I was 35 when I got that tattoo, my first one. I’d wanted it for years, but the time wasn’t right. My story still felt more like a movie I was watching than my life. But even though I’m still changing (and still not totally where I want to be), I’m finally to the point that I can appreciate what I have already become. I’ve made myself a promise that I will keep choosing beauty and strength over wallowing in the ashes of would’ve/could’ve/should’ve. I’ve made myself a promise that I will keep getting up, keep spreading my wings, and keep becoming, no matter what tries to knock me to the ground. Some days, I have to fight to keep that promise.
I jokingly tell my clients, “Hey! Walk in strong and crawl out stronger!” and ask them at the end of very hard workouts that they both simultaneously love and hate “But did you die?” Every single workout, at least once, but maybe 5 or 10 or as many times as it takes, I say “You are stronger than you think.” I talk to them about setting “ridiculous goals” and then blowing them up. And they are starting to get it.
One wants to be able to hang with me on a leg workout. The other day she saw a bar with a 45 on each side, and said “I just want to see if I could squat that one time.” On the day I told her to try it, she slapped a 45 on each side of a bar and got a very determined look on her face. 6 reps, clean and below parallel, later– she felt like a rockstar. She and her twin sister also decided they were going to do a 5k, and they did– but they never imagined they could. And the others in the class are doing versions of my workouts– workouts where they swear they are going to die after the first three minute round, but they keep digging deep and finding more and more to give. They all do things they never believed they could do.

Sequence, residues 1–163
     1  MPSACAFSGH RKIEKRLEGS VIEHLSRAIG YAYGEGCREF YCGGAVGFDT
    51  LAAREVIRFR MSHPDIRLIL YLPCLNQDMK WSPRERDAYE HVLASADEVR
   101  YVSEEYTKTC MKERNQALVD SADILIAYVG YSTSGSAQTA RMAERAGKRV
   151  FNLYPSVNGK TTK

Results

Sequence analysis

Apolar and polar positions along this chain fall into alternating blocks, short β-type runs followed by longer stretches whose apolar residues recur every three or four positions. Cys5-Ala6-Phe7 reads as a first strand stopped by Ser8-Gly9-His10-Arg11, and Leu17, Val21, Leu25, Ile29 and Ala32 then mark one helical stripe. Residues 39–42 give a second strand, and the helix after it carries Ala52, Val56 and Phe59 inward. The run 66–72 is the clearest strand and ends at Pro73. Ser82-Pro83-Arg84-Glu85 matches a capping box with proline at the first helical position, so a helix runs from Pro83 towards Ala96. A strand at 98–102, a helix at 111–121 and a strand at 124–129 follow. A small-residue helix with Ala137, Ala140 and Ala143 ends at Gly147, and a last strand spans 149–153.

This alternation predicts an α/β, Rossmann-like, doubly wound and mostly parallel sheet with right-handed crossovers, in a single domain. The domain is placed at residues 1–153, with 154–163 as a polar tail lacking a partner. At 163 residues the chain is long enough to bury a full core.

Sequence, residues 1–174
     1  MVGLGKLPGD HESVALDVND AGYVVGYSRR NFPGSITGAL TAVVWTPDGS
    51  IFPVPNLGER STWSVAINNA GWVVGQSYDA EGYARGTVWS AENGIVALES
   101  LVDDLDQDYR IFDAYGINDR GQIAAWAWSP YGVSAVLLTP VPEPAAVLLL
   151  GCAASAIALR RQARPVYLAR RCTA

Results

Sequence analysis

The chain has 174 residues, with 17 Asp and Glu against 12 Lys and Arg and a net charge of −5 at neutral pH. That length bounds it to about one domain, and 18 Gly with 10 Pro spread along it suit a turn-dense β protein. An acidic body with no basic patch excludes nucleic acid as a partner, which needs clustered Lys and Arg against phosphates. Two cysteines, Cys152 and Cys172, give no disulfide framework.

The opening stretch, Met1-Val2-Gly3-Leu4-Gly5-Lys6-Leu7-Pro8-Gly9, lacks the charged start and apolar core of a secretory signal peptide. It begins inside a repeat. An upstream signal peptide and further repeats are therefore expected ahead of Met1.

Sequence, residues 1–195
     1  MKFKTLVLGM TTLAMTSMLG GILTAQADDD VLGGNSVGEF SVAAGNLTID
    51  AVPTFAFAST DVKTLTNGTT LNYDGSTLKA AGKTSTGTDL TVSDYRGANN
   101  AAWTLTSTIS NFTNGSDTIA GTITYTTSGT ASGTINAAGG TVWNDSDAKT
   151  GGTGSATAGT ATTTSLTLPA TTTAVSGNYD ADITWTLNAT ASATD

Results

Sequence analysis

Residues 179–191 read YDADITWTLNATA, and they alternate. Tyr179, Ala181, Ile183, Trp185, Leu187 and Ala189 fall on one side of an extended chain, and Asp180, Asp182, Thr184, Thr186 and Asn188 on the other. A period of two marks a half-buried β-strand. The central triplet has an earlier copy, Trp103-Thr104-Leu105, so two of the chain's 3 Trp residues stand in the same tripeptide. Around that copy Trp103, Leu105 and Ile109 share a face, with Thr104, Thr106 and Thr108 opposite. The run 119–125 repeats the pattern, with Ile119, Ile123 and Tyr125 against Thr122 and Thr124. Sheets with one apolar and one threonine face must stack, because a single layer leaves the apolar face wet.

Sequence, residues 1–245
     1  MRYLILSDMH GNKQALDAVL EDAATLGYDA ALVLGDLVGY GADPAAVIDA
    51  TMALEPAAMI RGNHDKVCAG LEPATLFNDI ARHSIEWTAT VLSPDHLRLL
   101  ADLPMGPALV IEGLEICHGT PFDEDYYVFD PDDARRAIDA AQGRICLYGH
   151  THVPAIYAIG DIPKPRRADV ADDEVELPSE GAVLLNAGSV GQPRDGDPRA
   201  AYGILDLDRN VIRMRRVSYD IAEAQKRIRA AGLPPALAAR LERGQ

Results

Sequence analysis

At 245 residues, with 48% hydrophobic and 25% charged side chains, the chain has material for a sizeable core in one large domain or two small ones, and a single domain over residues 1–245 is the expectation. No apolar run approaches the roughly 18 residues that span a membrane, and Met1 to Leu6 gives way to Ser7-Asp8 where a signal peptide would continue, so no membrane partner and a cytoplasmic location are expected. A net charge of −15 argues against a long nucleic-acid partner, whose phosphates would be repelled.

They all, little by little, show up for themselves. They all, without knowing it, adopt what I’ve started calling the Phoenix Promise– that thing inside which won’t let you quit, the thing that nags, and truth be told, burns, a little. The thing that reminds you that you are more than what has happened to you, more than even what you have done to yourself, more than your weaknesses. The thing that won’t let you go until it’s satisfied that you have given it your all. (And it turns around at the very next opportunity and asks you to rise higher, to give even more– more than you ever dreamed you had.)
They all rise right above their beliefs about what they can’t do, above what the world thinks they can’t do, above anything that attempts to stand in their way. It turns out that a Phoenix has no time to sit in the ashes. It’s too busy becoming the amazing thing.
And they are starting to understand. This is what it takes to succeed: A day by day choosing to transform, even when it’s a lot easier to stay the same. An indominable spirit which squashes even the ugliest of pity parties. Flying, when the word expects you to keep your feet on the ground. Soaring, when there are 1000s of people (sometimes including you, if you’re really honest) and things who want to weigh you down.
Maybe you were born one way or the other. And maybe you’ve made some bad decisions along the way. Maybe your life has had several “plot twists”. Maybe you’ve quit on yourself, or quit believing in yourself. Maybe you have more excuses than you have extra pounds.
But that doesn’t have to be your whole story. Because maybe you were meant to fly.
Is today your day, Phoenix?
And if it isn’t today, then when?